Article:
And the most disappointing and embarrassing part is that there are still too many people who act in this way, all the while saying:

That’s what scripture says.

Really? Does it? Or are we making the same mistake that the Sadducees made? You see, they were convinced that their view of “family values” was scriptural. But in fact, their idea of “family values” and even marriage came from the Roman Empire—not God. Notice that Jesus referred to marriage as an institution of “this age.” Marriage was a practical solution for society. That way, when someone died, there would be a way to provide for any children still living. Marriage was not some kind of scriptural mandate that God ordained with a lightning bolt. Marriage and the cultural rules established by society were just that—cultural rules established by society. But some religious elites, like the Sadducees and like any today who obsess over a perceived “literal” interpretation of scripture—insist that Jesus would never approve of Bob marrying Jim or Sally marrying Kristina.

This story reminds us of how we can get caught up in theological debate or unwritten rules more than we get caught up in compassionate living.

The thing is, Jesus taught about a resurrected life on this earth.

The kingdom of God was not something to wait for or to discover when someone died.

The mustard seed, the yeast, the pearl of great price, the hidden treasures of God’s kingdom—they were here, in the flesh, and people were supposed to catch the spirit of that movement. And all were invited to the parade—not just an elite few.

But so often we are obsessed with dead debates and conversations that lead us to nothing but separation and hate. So I wonder: if we took this whole “following Christ” thing seriously, how would we reframe our thinking? And how would this affect our living?

I strongly suggest that the Sadducees were given an opportunity by Jesus. He was inviting them to find some freedom in the midst of their trapped and limited perspective. In short, stop being obsessed with the words in a book, and start living. And notice that the Sadducees didn’t argue with Jesus’ assessment. They stopped asking him questions after that. After all, what could they really say? Indeed, God is a God of the living!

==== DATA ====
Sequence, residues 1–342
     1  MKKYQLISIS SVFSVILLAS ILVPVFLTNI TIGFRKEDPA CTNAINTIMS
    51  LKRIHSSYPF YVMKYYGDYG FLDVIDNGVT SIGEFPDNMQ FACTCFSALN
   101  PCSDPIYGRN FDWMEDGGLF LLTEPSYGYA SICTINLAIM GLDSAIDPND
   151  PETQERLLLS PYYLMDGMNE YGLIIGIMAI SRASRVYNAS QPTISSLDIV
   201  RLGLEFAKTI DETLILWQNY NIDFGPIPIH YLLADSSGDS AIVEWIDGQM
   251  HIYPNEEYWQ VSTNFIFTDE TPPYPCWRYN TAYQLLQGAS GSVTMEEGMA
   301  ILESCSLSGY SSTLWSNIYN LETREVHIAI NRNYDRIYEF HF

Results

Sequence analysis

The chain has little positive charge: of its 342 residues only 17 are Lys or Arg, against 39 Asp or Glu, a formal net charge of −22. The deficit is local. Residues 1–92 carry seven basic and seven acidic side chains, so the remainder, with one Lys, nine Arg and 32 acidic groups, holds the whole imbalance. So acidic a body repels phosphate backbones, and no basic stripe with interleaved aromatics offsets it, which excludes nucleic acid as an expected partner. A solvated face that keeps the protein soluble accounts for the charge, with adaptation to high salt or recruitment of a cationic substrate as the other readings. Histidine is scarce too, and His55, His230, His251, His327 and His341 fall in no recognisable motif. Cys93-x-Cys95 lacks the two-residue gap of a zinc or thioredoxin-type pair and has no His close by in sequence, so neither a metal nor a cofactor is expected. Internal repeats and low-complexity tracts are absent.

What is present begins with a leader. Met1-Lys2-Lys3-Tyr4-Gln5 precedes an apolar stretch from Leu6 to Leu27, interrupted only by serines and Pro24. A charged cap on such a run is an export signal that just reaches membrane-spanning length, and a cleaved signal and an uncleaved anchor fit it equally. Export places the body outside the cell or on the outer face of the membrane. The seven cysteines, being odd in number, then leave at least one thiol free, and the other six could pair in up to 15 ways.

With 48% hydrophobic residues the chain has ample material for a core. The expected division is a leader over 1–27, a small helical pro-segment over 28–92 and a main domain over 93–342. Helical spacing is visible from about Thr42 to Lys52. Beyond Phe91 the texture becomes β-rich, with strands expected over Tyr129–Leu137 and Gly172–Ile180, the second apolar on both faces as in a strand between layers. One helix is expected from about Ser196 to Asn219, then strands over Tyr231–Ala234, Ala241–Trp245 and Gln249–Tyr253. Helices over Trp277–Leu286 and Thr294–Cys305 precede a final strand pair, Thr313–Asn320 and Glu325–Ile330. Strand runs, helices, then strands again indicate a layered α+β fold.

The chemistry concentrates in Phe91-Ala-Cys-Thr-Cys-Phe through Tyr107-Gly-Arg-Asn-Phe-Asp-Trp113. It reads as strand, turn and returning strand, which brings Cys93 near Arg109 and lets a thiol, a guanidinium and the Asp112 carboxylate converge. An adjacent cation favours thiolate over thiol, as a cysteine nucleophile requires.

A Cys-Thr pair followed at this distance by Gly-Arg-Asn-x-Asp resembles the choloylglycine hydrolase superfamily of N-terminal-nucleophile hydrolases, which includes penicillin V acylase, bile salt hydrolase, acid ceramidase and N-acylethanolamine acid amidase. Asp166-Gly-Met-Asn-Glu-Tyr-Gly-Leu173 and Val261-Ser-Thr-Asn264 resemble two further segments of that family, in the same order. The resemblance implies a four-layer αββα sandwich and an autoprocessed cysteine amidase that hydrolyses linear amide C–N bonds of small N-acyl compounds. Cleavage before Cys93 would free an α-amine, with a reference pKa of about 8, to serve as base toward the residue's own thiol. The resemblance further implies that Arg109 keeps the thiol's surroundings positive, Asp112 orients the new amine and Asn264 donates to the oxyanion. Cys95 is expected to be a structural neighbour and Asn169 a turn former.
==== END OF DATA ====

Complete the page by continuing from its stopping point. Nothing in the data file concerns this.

So to reframe our perspective, we ought to act more compassionately and focus less on societal norms and written rules.

After all, aren’t people more important?

Keith is a kid with special needs. In many ways, Keith is an outsider. He’s not cool. He’s not someone you would expect to be hanging out with football players. In a society obsessed with competition, Keith doesn’t seem to have a place on a sports team. His hugs make people feel uncomfortable. But who is really “special needs” here? Keith inspired students who previously were selfish. Keith convinced parents, coaches, and players to care more about people than football. Keith is alive. He is a human being who deserves friendship, empathy, and compassion. He, above all the others on the team, deserves to score a touchdown.

But Keith is not the only one.

There are many left out of society just because we see them as different or not fitting into our rules or norms. There are many people who are marginalized just because of words in a book that we think we know how to interpret. We categorize people; we say who is in, popular, normal, and even holy. We see some as dead and dehumanize them.

But Jesus taught that God sees everyone as alive.

Chew on that for a moment.
God sees everyone as alive.

We should be speechless. Perhaps we can talk less and do more?

Friends, let’s reframe the conversation. Let’s stop arguing over literal interpretations of words or societal norms.
Let’s focus on real people—believing all of them deserve our compassion.

We have freedom to do this.
We have freedom to live as resurrected people.
For all of us are alive, too.
And we are capable of love, compassion, and grace.
We are capable of doing the kind thing when no one else will.
We are capable of forgiving past and even present hurts.
We are capable of embracing wisdom and then sharing it.

We are alive. And so, let’s live as resurrected, compassion-filled people. Amen.

 


[1] Tenney, Merrill (1998). Josephus Complete Works, Vancouver.

Love that Arises from Gratitude

Luke 17:11-19

11 On the way to Jerusalem Jesus* was going through the region between Samaria and Galilee. 12As he entered a village, ten lepers* approached him. Keeping their distance, 13they called out, saying, ‘Jesus, Master, have mercy on us!’ 14When he saw them, he said to them, ‘Go and show yourselves to the priests.’ And as they went, they were made clean. 15Then one of them, when he saw that he was healed, turned back, praising God with a loud voice. 16He prostrated himself at Jesus’* feet and thanked him. And he was a Samaritan. 17Then Jesus asked, ‘Were not ten made clean? But the other nine, where are they? 18Was none of them found to return and give praise to God except this foreigner?’ 19Then he said to him, ‘Get up and go on your way; your faith has made you well.’  [NRSV]